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Vibration Energy the Secret to Self-Powered Electronics

A prototype for self-powered electronics.

Researchers at the University of Wisconsin-Madison have developed a device that could be key to creating self-powered electronics.

Credit: Xudong Wang/University of Wisconsin-Madison.

Researchers at the University of Wisconsin-Madison, University of Minnesota Duluth, and Yat-sen University say they have developed a promising solution for charging smartphone batteries on the go, without the need for an electrical cord. Their solution involves the use of a nanogenerator that could harvest and convert vibration energy from a surface into power for the phone.

"We believe this development could be a new solution for creating self-charged personal electronics," says University of Wisconsin-Madison professor Xudong Wang.

The nanogenerator utilizes a common piezoelectric polymer material called polyvinylidene fluoride (PVDF), and the researchers incorporated zinc oxide nanoparticles into a PVDF thin film to start the formation of the piezoelectric phase that enables it to harvest vibration energy. The researchers then etched the nanoparticles off the film, resulting in interconnected pores that cause the material to behave somewhat like a sponge.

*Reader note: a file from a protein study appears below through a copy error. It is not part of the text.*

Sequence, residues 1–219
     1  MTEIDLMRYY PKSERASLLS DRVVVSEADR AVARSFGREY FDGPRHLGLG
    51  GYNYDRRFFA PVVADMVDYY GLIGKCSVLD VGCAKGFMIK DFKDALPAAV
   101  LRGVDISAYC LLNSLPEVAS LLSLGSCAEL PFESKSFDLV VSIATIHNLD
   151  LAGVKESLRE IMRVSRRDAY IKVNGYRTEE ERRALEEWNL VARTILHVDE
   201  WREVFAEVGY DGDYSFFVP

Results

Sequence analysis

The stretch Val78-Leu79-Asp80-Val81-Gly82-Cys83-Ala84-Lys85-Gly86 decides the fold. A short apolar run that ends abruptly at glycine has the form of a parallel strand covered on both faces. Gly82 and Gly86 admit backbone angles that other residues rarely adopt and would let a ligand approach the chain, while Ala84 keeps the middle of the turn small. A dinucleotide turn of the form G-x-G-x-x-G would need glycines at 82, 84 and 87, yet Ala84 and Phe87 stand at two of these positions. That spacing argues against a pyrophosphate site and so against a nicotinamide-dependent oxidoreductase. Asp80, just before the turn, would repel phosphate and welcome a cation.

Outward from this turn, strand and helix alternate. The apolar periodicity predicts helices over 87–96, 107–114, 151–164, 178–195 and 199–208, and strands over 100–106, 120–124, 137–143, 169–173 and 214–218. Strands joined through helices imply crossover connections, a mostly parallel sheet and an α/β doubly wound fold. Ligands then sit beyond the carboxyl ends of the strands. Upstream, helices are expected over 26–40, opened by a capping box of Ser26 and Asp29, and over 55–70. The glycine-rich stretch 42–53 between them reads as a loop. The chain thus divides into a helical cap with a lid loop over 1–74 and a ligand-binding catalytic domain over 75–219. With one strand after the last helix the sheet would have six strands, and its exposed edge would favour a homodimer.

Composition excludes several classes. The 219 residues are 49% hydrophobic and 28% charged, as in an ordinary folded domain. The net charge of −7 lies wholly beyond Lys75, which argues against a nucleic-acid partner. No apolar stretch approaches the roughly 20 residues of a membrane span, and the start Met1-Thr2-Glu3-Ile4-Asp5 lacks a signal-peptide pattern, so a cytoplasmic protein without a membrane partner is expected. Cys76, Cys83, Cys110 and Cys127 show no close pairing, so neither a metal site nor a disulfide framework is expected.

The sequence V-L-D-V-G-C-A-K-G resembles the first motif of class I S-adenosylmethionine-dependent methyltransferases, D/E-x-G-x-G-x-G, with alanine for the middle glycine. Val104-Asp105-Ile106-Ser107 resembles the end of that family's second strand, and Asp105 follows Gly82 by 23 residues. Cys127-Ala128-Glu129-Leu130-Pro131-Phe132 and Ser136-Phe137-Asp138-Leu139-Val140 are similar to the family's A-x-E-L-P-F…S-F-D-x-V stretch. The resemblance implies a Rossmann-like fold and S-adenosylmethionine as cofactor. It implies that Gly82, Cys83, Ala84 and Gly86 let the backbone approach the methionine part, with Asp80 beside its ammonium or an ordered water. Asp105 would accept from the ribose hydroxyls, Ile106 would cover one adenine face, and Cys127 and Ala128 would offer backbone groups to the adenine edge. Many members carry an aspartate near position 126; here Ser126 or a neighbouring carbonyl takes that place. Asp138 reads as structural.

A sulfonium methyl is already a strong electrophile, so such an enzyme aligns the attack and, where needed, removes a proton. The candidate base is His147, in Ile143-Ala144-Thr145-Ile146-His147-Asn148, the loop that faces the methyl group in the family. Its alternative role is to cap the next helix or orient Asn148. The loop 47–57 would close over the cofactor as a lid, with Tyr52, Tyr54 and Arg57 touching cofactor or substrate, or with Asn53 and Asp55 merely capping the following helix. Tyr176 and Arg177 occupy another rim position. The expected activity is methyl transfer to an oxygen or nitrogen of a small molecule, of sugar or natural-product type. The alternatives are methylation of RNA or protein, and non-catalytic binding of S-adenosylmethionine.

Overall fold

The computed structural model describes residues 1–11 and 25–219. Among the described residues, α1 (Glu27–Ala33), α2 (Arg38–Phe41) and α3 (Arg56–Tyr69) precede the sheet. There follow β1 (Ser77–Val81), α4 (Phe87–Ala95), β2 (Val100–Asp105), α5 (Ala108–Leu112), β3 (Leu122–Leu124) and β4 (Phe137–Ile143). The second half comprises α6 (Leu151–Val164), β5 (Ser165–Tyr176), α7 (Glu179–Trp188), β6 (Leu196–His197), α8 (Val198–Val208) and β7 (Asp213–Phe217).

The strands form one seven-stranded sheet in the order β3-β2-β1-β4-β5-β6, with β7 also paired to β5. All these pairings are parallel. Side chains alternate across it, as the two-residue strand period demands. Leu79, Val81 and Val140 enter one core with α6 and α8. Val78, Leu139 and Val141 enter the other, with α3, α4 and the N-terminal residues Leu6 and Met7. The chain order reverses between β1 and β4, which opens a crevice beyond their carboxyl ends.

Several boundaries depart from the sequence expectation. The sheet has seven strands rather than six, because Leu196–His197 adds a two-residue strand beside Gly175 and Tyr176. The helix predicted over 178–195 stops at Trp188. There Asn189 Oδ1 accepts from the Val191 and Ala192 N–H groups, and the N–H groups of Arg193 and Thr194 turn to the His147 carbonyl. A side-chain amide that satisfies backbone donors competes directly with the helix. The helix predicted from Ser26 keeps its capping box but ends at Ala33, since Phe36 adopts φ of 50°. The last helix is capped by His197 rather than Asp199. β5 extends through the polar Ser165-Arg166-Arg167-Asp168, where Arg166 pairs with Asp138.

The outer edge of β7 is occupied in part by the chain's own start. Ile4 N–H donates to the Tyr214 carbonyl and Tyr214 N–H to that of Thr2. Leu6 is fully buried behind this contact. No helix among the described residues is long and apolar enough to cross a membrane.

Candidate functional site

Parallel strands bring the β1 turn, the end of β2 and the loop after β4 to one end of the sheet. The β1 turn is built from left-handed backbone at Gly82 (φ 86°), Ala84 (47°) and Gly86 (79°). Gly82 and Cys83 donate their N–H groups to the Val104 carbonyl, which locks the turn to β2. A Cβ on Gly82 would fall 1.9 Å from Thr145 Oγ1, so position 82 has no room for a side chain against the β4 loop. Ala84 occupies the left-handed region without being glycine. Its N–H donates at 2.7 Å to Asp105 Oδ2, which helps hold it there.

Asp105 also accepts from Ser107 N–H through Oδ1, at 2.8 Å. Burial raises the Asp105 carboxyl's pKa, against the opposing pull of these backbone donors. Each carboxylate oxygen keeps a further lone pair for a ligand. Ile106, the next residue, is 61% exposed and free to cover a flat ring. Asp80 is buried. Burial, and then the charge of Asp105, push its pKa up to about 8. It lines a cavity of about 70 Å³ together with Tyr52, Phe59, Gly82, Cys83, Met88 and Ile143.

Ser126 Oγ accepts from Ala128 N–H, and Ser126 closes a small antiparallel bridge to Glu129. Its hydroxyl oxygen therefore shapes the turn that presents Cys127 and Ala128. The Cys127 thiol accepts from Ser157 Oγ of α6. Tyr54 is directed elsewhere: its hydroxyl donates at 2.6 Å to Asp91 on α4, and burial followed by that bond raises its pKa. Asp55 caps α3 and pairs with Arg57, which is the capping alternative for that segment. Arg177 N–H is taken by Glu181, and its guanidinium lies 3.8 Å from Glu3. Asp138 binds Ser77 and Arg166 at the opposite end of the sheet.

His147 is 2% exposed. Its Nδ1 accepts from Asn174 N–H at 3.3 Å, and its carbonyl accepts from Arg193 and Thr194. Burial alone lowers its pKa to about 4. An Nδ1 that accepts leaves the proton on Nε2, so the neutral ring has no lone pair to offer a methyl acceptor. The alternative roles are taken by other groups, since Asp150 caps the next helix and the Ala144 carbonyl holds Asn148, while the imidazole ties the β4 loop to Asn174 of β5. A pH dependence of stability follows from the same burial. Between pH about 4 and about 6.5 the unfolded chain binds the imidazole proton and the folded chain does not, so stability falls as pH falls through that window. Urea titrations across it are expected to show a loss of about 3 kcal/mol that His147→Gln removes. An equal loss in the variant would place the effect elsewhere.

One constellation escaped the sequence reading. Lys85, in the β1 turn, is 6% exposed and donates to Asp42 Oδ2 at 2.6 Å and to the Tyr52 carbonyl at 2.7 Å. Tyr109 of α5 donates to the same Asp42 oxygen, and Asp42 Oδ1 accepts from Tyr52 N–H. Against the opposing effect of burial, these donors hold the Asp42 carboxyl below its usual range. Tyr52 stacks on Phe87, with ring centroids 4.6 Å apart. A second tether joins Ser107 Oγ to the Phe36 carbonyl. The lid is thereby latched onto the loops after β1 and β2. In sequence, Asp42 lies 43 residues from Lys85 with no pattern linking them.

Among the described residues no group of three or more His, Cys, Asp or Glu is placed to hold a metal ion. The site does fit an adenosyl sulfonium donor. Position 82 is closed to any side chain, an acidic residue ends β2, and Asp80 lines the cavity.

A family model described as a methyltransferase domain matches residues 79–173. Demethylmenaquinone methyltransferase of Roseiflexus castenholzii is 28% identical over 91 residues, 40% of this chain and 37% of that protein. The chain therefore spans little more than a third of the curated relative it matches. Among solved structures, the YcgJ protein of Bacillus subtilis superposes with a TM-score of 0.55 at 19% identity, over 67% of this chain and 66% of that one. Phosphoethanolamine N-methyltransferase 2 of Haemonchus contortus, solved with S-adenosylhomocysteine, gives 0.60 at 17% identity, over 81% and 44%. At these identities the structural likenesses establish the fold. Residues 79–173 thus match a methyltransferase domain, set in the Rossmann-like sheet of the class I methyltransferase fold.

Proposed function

"The softer the material, the more sensitive it is to small vibrations," Wang says.

He says the nanogenerator could become an integrated part of an electronic device and automatically harvest energy from ambient vibrations to power the device directly.

From University of Wisconsin-Madison
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